Secondly, it establishes your business acumen and sets you apart as a serious business person who is actually engaged from the very beginning.
Thirdly, you remember at #4 above I said people do business with people whom they know, like and trust?
Well, one of the fastest ways to create mistrust is to sit during a meeting with a prospect and not take a single note.
7. Don’t book client meetings back to back
I was talking to my friend recently and he was “crazy busy”, rushing from one appointment to the other.
I thought he was just plain crazy.
Come on! You’re not a doctor or a dentist, so why are you rushing from one prospect to the other?
Rushing a prospect because you have another meeting with another prospect, sends a clear signal to the person that this consulting Joker “ain’t ready yet!”
I know some of you do this to create the impression that you are in demand and you are the right person for the job. But that’s not how it is interpreted by the prospect.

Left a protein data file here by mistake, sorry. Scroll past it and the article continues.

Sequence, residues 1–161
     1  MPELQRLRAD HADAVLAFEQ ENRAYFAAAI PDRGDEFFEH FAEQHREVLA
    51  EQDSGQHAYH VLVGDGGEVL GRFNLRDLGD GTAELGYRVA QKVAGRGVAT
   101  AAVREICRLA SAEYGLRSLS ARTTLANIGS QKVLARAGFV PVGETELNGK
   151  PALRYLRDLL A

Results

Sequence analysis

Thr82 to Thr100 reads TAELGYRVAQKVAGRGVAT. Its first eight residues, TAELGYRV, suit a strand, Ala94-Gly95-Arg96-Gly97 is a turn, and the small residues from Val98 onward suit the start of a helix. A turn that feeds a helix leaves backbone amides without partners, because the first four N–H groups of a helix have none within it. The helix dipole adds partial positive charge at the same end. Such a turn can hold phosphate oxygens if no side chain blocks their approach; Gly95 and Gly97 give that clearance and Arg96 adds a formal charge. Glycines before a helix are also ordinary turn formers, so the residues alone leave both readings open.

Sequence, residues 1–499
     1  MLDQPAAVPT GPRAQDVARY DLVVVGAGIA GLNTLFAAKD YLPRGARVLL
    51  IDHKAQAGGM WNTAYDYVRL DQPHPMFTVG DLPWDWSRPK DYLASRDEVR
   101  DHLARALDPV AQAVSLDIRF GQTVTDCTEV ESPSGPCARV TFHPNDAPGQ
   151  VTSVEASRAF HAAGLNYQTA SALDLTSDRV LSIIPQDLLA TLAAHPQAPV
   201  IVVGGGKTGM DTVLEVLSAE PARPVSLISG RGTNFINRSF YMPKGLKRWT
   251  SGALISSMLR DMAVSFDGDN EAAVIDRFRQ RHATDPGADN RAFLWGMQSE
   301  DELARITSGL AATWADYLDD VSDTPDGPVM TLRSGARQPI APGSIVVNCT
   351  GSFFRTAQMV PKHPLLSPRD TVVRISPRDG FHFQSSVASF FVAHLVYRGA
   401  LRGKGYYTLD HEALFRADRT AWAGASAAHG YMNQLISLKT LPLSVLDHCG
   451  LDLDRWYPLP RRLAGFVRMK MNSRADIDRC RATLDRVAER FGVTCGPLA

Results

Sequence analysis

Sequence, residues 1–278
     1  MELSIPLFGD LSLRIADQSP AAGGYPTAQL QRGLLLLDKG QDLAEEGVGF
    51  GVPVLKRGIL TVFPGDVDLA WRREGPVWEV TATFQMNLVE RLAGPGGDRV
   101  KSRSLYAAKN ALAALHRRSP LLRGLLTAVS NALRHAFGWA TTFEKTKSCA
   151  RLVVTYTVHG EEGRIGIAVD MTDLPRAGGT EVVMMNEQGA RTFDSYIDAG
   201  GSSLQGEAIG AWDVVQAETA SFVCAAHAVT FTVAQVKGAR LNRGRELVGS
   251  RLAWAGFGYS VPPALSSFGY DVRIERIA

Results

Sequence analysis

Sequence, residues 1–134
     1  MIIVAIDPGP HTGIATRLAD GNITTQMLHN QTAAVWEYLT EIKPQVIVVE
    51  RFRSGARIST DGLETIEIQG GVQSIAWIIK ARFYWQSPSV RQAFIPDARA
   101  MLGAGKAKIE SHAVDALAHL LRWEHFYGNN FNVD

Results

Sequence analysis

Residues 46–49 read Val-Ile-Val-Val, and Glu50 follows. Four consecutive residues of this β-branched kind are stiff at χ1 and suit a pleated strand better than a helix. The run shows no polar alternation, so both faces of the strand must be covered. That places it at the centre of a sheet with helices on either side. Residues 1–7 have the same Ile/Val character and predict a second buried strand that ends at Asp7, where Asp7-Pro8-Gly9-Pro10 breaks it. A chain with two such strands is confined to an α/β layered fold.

Furthermore, if you choose to work for yourself, you should design your life and your work so that you are not on the corporate conveyor belt, however much in demand you are.
8. Don’t charge for meetings...
if you work in the Caribbean.
Charging for meetings is not part of our culture. If you do, I guarantee you that this is all the money you will work for from that prospect.
I discovered how annoying people found this first hand.
I was referred to an off-shore company and I had an interesting meeting with them. At the end of the meeting, I got cool a contract. I was very pleased but I was also mildly surprised.
When I diplomatically asked them about it, they were keen to explained that “I had delivered more value in the hour and a half than the previous consultant and I had not charged!”
Yes, meetings cost you and yes they are time consuming but by the same token, so are proposals.